I Love Biking and Hate Cancer, and I Need your Help

rtcc-featuredThank you for visiting to read about this very important subject to me. On June 8th and 9th I will be doing two things that I love dearly: riding a bike and raising money and awareness in the fight against cancer.

It wasn’t too many years ago that I got the call. It was the call that my father didn’t want to make, and nobody wants to receive. It was a phone call from Toronto to Vancouver to tell me that my Mom had lost a long battle with cancer.

Every turn of the pedals, every single time I ride is for a reason. It is to remind me how lucky I am, and how important it is to do everything I can to keep ahead of this disease. Cancer doesn’t discriminate. We don’t choose who wins and loses. We can only do our best in our own way and hope that it won’t choose us or the ones we love.

I need your help to help others

Unfortunately, fundraising isn’t my strong point and for that reason I am coming to the you, my community, and reaching out for help. I am leading a team of riders from my company in the first year that our local office has put together a team. I’ve done so much to ensure that the team has the support that they need that but I am in need of your help to reach my personal goal or else I won’t be able to ride, and my goal to make my mark on this disease, even in this small way, may not be able to happen.

I know that it is a challenge to make financial commitments, but I hope that you or your organization can help me to reach my modest goal and I will be sure that your efforts and commitment are appreciated and shared as I pedal 200 km in 2 days to show this disease that we won’t go down without a fight.

Finding your thinspiration

healthThis time of year is always a challenge. It is a time to celebrate, which we usually pair up with lots of dinners, treats, drinks with friends and so much visiting that the personal schedule is pretty much thrown out for the month, which also includes fitness time.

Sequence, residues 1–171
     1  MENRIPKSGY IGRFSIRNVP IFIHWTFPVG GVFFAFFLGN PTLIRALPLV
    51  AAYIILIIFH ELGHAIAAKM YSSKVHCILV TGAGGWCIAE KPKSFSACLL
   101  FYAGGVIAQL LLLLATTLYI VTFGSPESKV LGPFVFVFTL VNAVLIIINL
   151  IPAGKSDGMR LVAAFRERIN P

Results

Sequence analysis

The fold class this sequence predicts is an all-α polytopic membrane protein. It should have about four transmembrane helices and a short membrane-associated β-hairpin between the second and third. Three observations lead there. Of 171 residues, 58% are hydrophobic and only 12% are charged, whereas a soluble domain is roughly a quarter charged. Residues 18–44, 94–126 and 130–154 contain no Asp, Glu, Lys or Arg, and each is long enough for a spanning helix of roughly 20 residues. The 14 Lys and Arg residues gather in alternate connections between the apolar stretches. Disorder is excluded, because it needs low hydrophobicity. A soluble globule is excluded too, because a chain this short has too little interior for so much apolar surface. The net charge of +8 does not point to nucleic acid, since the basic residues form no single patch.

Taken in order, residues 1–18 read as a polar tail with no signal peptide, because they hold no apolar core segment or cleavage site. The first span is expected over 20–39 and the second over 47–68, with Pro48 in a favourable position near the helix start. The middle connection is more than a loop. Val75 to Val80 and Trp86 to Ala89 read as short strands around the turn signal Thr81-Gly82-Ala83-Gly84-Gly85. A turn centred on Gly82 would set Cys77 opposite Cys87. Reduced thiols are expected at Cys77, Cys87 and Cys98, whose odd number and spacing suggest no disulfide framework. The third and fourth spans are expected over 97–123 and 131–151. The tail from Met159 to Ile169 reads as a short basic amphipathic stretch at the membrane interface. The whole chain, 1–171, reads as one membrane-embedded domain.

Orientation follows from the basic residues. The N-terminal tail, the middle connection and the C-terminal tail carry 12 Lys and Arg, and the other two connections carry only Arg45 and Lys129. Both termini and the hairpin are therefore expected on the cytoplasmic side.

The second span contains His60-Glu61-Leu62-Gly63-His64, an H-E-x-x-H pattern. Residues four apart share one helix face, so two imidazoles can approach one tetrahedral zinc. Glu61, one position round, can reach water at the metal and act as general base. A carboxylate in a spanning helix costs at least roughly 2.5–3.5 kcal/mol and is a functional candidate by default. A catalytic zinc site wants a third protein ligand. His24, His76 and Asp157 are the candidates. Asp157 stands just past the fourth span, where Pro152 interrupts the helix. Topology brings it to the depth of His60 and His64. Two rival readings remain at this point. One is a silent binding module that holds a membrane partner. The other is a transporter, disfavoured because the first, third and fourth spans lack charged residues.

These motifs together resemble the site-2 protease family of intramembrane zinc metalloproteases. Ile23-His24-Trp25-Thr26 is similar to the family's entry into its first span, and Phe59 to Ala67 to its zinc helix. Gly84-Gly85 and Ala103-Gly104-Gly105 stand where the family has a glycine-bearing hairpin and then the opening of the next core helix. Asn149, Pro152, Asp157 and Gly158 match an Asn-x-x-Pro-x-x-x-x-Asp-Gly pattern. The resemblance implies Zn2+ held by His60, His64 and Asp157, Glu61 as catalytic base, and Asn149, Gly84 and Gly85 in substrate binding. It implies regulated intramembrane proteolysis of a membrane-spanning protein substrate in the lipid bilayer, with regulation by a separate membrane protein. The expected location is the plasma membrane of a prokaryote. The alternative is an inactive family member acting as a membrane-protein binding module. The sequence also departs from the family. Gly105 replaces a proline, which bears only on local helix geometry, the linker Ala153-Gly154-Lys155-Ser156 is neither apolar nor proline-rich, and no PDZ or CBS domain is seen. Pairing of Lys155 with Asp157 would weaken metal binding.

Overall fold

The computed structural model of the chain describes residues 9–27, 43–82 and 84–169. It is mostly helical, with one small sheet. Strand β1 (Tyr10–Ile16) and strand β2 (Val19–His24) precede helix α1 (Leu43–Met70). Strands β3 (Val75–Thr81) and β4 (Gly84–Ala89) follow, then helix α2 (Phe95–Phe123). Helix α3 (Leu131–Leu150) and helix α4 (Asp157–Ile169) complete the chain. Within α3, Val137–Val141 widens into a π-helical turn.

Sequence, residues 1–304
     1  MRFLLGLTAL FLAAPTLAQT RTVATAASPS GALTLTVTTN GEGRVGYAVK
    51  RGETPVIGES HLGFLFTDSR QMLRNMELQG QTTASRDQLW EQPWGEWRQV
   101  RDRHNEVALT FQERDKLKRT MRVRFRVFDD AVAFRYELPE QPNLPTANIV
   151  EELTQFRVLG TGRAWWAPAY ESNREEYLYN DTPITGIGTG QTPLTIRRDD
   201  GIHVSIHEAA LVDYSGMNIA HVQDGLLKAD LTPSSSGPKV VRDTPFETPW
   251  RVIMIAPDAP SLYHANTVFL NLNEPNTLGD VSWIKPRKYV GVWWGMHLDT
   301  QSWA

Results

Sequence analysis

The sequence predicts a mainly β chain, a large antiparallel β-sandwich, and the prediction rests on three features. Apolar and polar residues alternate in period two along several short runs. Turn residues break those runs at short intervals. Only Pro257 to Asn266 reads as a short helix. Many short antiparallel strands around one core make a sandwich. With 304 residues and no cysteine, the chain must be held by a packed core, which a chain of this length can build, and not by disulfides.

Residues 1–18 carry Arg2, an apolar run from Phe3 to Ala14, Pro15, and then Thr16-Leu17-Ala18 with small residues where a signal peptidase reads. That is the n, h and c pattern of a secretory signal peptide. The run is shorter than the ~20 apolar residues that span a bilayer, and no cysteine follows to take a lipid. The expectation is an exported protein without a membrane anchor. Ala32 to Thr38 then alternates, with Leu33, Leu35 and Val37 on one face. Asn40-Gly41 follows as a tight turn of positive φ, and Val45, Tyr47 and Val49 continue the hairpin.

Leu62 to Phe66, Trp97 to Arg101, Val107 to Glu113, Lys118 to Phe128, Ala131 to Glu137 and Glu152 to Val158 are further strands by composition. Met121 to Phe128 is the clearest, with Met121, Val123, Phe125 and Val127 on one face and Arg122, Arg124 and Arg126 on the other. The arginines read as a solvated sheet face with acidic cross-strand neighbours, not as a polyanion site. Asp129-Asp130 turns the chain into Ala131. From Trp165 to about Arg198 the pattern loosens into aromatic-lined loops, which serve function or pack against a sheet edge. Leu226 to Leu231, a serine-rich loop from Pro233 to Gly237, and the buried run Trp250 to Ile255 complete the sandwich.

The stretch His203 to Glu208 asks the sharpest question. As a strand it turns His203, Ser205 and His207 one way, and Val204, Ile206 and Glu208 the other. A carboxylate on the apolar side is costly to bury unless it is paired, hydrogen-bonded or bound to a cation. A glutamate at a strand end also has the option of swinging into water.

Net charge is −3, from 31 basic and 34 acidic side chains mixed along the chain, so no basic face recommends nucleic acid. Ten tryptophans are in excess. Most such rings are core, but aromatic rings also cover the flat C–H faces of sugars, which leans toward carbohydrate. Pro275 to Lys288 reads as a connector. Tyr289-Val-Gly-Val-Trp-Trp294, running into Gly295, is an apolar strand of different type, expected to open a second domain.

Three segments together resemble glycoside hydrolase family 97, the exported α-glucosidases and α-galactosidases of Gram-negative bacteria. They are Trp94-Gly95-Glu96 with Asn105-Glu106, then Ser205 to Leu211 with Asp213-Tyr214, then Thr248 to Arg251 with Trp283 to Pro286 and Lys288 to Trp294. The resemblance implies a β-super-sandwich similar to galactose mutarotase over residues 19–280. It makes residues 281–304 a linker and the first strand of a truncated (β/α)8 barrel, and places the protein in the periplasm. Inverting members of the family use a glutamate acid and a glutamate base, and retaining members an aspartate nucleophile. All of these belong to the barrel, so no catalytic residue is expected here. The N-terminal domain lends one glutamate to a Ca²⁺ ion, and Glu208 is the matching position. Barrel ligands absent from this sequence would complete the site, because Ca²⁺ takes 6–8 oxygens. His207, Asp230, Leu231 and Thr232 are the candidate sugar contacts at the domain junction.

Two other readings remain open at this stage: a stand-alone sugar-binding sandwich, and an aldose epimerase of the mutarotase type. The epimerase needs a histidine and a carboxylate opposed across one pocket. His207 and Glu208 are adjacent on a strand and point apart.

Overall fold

As a cyclist, I usually have summer targets for peak fitness. And by peak fitness, I mean to be able to generally keep up with the cycling group that I ride with. I’ve been cycling semi-competitively for about 6 years now which has helped me to maintain a fairly healthy lifestyle.

Challenges in life come along of course, and along with that can be unexpected changes in lifestyle. In the last year I had a number of changes in my lifestyle that resulted in a gentle decrease in fitness with a gentle increase in my intake. These two things combined together resulted in a 20 pound increase in my body weight.

This year I participated in the Tough Mudder event in Toronto. Because I knew that I was increasing my strength, I was more focused on doing resistance training and relying on a reasonable aerobic base to get me through the race. My diet plan was simple…no plan. I just ate at a typical North American rate of around 2400-2700 calories a day.

Diet and exercise are paired together…always. If you have one, or the other, but not both you will slip out of your overall fitness regardless of how much you increase the other.


There is a term called “thinspiration” which is meant to be your thin-inspiration, or what it is that you see as your goal to reach a body image. I use a fitness goal as the only target, with the body image being the result rather than the desire. For me, there was a simple way to become “thinspired”. I saw a picture of myself at the event and realized that although I was physically stronger because of my workout routines, that I was definitely carrying some extra weight.